I used to think I was smart - street smart that is. I worked in an inner city school with kids who taught me what was what on the streets. I knew which neighborhoods I couldn't drive through at night, I knew where the drug deals went down, and I knew the colors, signs, and handshakes of four different gangs. Nothing surprised me.
I've changed schools now. I'm in the country, and I love it. Our student, Filemon, lives next to the school, and no one has taught his roosters that they only are supposed to crow in the morning. So they cock-a-doodle-do all day long. It's nice background music for my reading class.
Last year we had a guest speaker come to talk to our student body about organic food. I watched as the same kids who couldn't name a state in the USA that started with "A" (they said Africa and Australia) jumped up and down in their seats when the speaker asked them what they could do to make sure their crops were healthy year after year. ("Well, you could try crop rotation," they said.) Hmmmm. Who woulda thought of that?
Another thing that I've noticed: we have numerous boys in our school who wear hunting camouflage. I'm talking pants, jackets, hats...the whole deal...to school! Are they planning on bagging the big one between first and second period? We even have several students named Hunter. And not because it's a popular name, they tell me. Because that's what they are.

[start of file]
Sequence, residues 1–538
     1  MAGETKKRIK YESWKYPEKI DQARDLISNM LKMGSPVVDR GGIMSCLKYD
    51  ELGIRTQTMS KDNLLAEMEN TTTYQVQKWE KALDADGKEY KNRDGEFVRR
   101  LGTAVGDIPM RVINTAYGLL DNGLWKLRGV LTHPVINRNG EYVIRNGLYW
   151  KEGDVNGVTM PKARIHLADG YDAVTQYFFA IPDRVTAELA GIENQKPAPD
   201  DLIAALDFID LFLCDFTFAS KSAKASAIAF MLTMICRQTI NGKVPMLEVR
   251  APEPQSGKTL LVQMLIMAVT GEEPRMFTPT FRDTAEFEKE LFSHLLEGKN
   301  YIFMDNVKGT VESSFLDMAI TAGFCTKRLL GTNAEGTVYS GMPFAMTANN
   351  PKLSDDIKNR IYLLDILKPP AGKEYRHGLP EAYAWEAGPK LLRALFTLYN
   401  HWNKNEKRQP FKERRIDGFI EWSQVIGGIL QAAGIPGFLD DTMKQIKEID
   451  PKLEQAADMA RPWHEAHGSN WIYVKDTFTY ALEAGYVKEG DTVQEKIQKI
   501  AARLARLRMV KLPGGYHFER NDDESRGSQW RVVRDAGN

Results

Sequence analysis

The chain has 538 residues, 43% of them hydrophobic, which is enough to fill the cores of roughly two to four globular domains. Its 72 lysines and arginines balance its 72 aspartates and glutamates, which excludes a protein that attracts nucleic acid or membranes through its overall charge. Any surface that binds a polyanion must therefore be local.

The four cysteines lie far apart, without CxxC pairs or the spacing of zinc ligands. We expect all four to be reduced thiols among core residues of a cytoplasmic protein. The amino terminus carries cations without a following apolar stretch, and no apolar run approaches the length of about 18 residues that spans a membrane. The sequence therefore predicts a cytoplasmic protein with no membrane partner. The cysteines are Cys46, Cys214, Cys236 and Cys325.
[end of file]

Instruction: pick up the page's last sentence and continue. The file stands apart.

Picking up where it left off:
Today I grew a couple more brain cells because of my student Bradley. When my first period class entered the room, I noticed they all had gum (who gave out gum in homeroom, you guys?) I dutifully told them to spit it out. They all, obedient gum chewers, walked one by one to the trash can...except Bradley.
"Bradley, I told you to spit out the gum," I warned.
"I don't have gum," he replied.
"Bradley, I see it. It's bright green." I was proud. I had evidence!
"It's not gum," he said.
Okay, I'll bite. "What is it?" I asked.
He was very excited to share. "It's a turkey call." (The entire class nodded.)
Bradley repeated what he had said, only he did it by making a noise that sounded like what I heard the night my cat Fluffy had kittens. I must've looked confused because the remainder of the class all spoke together, "It's a turkey call."
Then he started gobbling. Straight up gobbling as in "Gobble, gobble - it's Thanksgiving."
Finally, I caught on.
"Bradley," I said. "All of the turkeys in those woods out there are going to hear you and come scrambling to get in this room." I thought that would stop him. Not a chance.
"I hope they do!" He jumped up and ran over to the window. "I'll grab one and break its neck and...."
"Whoa, stop there! I can't stand it," I pleaded.
I continued to try to teach, periodically interrupted by a gobble here, a gobble there, a ....
Well, you get it.
At the end of the class, Bradley told me that he was being signed out early. He was going shopping - for more turkey calls.
As he left my room, he turned around and gobbled at me. Another student interpreted.
"He said, 'Mrs. Rigsbee is the best teacher ever!'" Christian said.
In turkeyspeak. Heaven help me.